This CD is an excursion for me. A return to my roots, stirred up with some of my more recent interests in contemporary music and sound art.
I'm a creative musician. It's my job. I write music for string quartets, ballet companies, symphony orchestras, theatre and film directors. Still, I'm pretty much a normal guy who grew up in the suburbs.
When I was a kid, there was a lot of music in my household. I grew up in the 60's when stereos where in everyone's living room. But no one in the house listened to classical music, except for me when I practiced piano. (My sister watched reruns of Sea Hunt and Maverick while I practiced. She took dances lessons. and was quite good, but for some reason young dancers don't have to practice every day, and young musicians do).
As a child, I tolerated the piano lessons and the practicing, but the blues interested me the most. First John Mayall and Eric Clapton, then Led Zeppelin and Hendrix. Those rock/blues bands from the 60's and 70's all had a big sound.
My earlier life in the classical music world led to a kind of willful self-supression. For a while there, I thought I was a classical composer. Everyone else seemed to think so.
One of my musical friends often said that everything leads back to the blues. So, conjuring that idea, I wrote a string quartet subtitled sixblues, a set of variations on Charles Mingus' Goodbye Pork Pie Hat. And a few abstract orchestral works loosely based on jazz standards.
Then I started to play the piano in public again. 50's and 60's jazz standards. And the blues. Eastern ragas and free improvisation. I also experimented with dense, violent textures of sound, inter-cut with sparse, gentle music.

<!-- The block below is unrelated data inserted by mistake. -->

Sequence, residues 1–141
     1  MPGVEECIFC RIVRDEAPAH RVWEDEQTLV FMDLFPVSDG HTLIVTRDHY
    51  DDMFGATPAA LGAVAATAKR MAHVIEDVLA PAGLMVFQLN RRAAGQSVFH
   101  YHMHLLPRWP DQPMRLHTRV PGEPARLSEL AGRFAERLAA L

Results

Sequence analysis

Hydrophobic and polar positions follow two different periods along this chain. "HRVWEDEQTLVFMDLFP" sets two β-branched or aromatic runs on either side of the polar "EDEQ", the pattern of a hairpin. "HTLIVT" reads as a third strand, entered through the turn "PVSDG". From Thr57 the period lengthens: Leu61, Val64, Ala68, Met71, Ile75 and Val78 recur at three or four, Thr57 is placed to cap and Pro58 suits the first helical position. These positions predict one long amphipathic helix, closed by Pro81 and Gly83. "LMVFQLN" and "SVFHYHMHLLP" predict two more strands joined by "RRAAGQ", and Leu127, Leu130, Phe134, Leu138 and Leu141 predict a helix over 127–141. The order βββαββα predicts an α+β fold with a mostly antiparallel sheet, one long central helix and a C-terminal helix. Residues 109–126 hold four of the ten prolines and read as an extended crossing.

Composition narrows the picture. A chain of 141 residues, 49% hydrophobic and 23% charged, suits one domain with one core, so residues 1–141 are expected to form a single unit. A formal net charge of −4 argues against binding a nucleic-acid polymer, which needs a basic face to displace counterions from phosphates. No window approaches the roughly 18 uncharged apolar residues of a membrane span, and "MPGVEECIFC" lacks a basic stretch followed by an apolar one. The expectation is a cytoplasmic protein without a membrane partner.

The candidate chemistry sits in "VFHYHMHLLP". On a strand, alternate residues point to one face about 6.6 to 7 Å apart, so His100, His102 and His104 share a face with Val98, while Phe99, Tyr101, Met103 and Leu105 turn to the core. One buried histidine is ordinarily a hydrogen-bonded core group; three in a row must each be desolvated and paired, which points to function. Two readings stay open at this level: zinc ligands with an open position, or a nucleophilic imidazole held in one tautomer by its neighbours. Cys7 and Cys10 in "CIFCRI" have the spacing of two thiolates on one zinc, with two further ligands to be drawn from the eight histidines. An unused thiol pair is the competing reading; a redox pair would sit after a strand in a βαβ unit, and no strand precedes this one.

I try to contain all of my interests in my playing. And sometimes it's an odd mix.
Like the old world fugue on this CD, Pine Trees (actually inspired by a painting I saw in Japan), which is followed by Gee Baby Remix, a wacky rejigging of a jazz standard from the 20's. Or the almost blues of Monk's Bemsha Swing, which is preceded by Japanese Lyric, a meditative improvisation influenced by classical Indian music.
deeper still, is a sound art concept. The music is both active and tranquil, slowly descending, and becoming dissonant and explosive without losing the sense of calm. That's followed by Steal Away, a 12-bar blues with a hiphop swing.
omaggio a miles is an abstract rendering of the Miles Davis/ Bill Evans composition Blue in Green. It's followed by st jean, which is based on a 13th-century chant, though it sounds at times more like early Pink Floyd.
When I teach composition and improvisation, I always tell my students that the most important thing for an artist is to be one's self. Not easy. The self is a complicated thing. And we're all different.
So I don't think that this CD shows that I have a split personality, as it
I've been influenced by all of the songs, structures, solos and compositions that I admire. And I'm inspired by working with excellent musicians, like Gilles Fournier and Daniel Roy, who performed so wonderfully on this concert/recording. They're good friends, and also brilliant artists.
And we're all from Winnipeg. I hope you can hear that in this music.